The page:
Model validation

The performance of the model was tested against data from within-trial, all-cause mortality outcomes in the medical treatment group of the CARE-HF trial [25]. To perform validation, the baseline patients’ characteristics in the model were adjusted to mean (standard deviation) age (66 ± 6.6 years) and the proportion of male individuals (73%) of patients in the CARE-HF trial, and 5000 Monte Carlo simulations were performed.

Results

Model validation

Validation showed that the model precisely predicted all-cause mortality, with results of the modeling (all-cause mortality at 30 months) estimated as 31% vs 30% in the trial.

Base-case results

In the analysis, BAT led to an incremental cost of €33,185 (95% credible interval €24,561–38,637) and incremental benefits of 1.78 (95% credible interval 0.45–2.71) life-years and 1.19 (95% credible interval 0.30–1.81) QALYs (Table 3). This resulted in an ICER of €27,951/QALY (95% credible interval €21,357–82,970).
Table 3

Results of cost-utility analysis

 

Cost, €

∆ cost €

Life years gained

∆ LYG

QALYs gained

∆ QALY

ICER, €/QALY

BAT

50,856 [34,358-59,437]

33,185 [24,561-38,637]

7.25 [3.44–9.17]

1.78 [0.45–2.71]

4.86 [2.30–6.14]

1.19 [0.30–1.81]

27,951 [21,357-82,970]

OMM

17,671 [9796-20,800]

5.47 [3.00–6.46]

3.67 [2.00–4.33]

Sensitivity analysis

Deterministic one-way sensitivity analysis showed that the most sensitive parameters were age (BAT is more cost-effective in younger patients), battery life (a shorter battery life reduced the cost-effectiveness of BAT), and relative risk for mortality (a higher relative risk reduces the cost-effectiveness of BAT) (Fig. 3). Probabilistic sensitivity analysis demonstrated that BAT led to an increase in the cost of treatment and additional benefits in the majority of simulations (Fig. 4). At a willingness-to-pay threshold of €35,000/QALY, BAT had a 59% probability of being cost-effective but reached an 84% probability of being cost-effective at a threshold of €52,000/QALY (Fig. 5).
Fig. 3
Fig. 3

Tornado diagram

Fig. 4
Fig. 4

Cost-effectiveness acceptability plane

Fig. 5
Fig. 5

Cost-effectiveness acceptability curve. WTP, willingness-to-pay threshold

Discussion

Our study evaluated potential long-term clinical and economic consequences of BAT compared with optimal medical treatment over a lifetime in a cohort of patients aged 63 years with NYHA class III at the start of the treatment. We showed that BAT leads to additional costs to a health care system (on average €33,185). However, BAT also could lead to additional benefits in terms of survival (an average additional 1.78 life-years) or quality-adjusted survival (an average additional 1.19 QALYs). These results indicate that BAT can be cost-effective because the resulting ICER is below the typical willingness-to-pay threshold in European countries (€35,000/QALY). In the probabilistic sensitivity analysis, the most preferred analysis to simultaneously address all data-related uncertainty in the model, BAT had an approximately 60% chance of being cost-effective at a willingness-to-pay threshold of €35,000/QALY. The potential correlation between input parameters was not captured, which might be associated with a limitation in interpreting the results of the PSA.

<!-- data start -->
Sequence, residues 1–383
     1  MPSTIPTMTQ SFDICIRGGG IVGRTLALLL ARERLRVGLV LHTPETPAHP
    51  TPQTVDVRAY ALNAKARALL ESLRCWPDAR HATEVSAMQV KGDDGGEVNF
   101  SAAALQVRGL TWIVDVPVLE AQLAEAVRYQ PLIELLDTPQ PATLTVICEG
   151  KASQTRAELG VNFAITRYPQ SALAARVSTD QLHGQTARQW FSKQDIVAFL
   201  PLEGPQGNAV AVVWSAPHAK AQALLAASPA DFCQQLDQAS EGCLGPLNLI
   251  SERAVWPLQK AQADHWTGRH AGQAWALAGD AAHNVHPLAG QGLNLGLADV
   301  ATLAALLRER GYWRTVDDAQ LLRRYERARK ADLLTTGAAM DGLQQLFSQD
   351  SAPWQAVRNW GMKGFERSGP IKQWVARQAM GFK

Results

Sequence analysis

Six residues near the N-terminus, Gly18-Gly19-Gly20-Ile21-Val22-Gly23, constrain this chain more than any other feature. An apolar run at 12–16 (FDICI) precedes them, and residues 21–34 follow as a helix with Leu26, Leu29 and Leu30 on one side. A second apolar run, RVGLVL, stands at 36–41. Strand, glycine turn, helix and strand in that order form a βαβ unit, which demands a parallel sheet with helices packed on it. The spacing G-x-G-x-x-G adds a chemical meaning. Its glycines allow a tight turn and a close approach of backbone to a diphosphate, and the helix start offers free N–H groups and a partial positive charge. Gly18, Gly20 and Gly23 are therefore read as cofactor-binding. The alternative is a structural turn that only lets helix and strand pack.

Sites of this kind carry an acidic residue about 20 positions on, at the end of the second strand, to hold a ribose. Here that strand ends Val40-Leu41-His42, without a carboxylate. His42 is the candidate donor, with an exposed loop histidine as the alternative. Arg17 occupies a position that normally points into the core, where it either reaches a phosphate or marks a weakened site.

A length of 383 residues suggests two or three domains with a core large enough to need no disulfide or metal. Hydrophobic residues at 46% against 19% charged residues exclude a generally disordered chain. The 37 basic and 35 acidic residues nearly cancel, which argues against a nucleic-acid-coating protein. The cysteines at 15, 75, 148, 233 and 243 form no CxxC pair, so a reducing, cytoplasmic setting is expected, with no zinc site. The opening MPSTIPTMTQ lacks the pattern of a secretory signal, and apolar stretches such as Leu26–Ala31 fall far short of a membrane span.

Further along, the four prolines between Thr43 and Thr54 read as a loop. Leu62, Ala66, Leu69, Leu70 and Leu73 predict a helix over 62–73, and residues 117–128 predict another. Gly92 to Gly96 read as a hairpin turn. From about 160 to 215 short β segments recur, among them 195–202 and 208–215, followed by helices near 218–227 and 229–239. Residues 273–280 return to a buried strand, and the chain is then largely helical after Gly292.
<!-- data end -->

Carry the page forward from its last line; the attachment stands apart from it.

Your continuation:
However, these promising findings need to be evaluated in the context of existing limitations of our analysis. First, data on the effect of BAT on mortality were obtained via application of a risk prediction model to individual patient-level data. They were not derived directly from the randomized controlled trial because these data are not yet available. Risk prediction models are used in the field of epidemiology to provide estimations of the absolute probabilities of the occurrence of a certain outcome in an individual with a specific set of characteristics or predictors. Predictors may vary from age and sex to advanced diagnostic markers, such as natriuretic peptides or the genetic profile [26]. Models are usually developed from large datasets using multivariable regression modeling [27]. The ultimate aim of a model is to assist clinicians and patients in decision making regarding the further management of HF, as well as to facilitate timely research [28, 29]. To be applied correctly, risk prediction models should provide accurate and validated probability estimates for the outcomes of interest in a targeted population. This can be ensured by the internal and external validation of the model by means of statistical methods [26].

There are several other risk scores models for predicting survival for patients with HF. These include the Seattle heart failure model [30], the Heart Failure Survival Score [31], the PACE Risk Score [32], and SHOCKED Predictors [33]. A systematic literature review identified 20 different risk prediction models [34]. Each model uses a single cohort of patients and thus has more limited generalizability to other populations. Additionally, each model’s development is from a limited cohort size, compromising the ability to truly quantify the best risk prediction model. Because of the wide variety of different studies included, with a global representation, the findings in the MAGGIC meta-analysis appear to be inherently generalizable to a broad spectrum of current and future patients. The risk score, developed in the MAGGIC meta-analysis of a large dataset of 30 cohort studies, provides a uniquely robust and generalizable tool to quantify individual patients’ prognosis in HF.